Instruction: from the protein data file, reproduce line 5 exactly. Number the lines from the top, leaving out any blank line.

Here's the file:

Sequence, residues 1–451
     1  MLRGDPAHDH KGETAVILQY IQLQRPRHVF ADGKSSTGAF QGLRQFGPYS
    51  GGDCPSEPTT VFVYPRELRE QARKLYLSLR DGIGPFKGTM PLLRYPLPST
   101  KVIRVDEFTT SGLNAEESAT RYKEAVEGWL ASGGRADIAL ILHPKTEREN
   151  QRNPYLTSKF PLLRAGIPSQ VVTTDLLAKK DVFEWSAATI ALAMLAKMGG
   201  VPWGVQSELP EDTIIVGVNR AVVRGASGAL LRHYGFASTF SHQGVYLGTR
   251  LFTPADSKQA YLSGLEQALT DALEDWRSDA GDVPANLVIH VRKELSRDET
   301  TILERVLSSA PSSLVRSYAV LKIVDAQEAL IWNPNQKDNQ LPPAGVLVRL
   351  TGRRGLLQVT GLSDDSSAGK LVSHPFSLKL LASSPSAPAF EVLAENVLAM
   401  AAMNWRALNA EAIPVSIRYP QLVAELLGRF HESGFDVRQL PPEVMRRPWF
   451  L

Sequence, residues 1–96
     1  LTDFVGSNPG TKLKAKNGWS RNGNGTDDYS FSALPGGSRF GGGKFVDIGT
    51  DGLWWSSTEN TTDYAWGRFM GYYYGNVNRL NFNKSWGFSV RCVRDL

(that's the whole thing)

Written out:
   151  QRNPYLTSKF PLLRAGIPSQ VVTTDLLAKK DVFEWSAATI ALAMLAKMGG